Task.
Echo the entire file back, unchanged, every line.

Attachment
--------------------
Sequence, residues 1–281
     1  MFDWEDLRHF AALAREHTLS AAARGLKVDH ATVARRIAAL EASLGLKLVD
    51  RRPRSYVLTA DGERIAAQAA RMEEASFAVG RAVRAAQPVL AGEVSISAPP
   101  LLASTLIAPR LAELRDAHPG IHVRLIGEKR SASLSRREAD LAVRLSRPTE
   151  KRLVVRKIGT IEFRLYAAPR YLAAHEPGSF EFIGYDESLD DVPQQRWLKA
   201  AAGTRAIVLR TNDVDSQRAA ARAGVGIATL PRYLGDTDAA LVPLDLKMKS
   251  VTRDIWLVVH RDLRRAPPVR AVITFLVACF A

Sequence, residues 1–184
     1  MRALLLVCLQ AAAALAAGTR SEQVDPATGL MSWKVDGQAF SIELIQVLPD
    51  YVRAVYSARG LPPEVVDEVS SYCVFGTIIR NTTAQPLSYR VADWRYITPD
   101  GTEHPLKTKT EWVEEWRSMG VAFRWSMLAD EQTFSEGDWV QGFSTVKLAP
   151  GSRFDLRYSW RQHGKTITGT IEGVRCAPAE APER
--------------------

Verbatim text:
Sequence, residues 1–281
     1  MFDWEDLRHF AALAREHTLS AAARGLKVDH ATVARRIAAL EASLGLKLVD
    51  RRPRSYVLTA DGERIAAQAA RMEEASFAVG RAVRAAQPVL AGEVSISAPP
   101  LLASTLIAPR LAELRDAHPG IHVRLIGEKR SASLSRREAD LAVRLSRPTE
   151  KRLVVRKIGT IEFRLYAAPR YLAAHEPGSF EFIGYDESLD DVPQQRWLKA
   201  AAGTRAIVLR TNDVDSQRAA ARAGVGIATL PRYLGDTDAA LVPLDLKMKS
   251  VTRDIWLVVH RDLRRAPPVR AVITFLVACF A

Sequence, residues 1–184
     1  MRALLLVCLQ AAAALAAGTR SEQVDPATGL MSWKVDGQAF SIELIQVLPD
    51  YVRAVYSARG LPPEVVDEVS SYCVFGTIIR NTTAQPLSYR VADWRYITPD
   101  GTEHPLKTKT EWVEEWRSMG VAFRWSMLAD EQTFSEGDWV QGFSTVKLAP
   151  GSRFDLRYSW RQHGKTITGT IEGVRCAPAE APER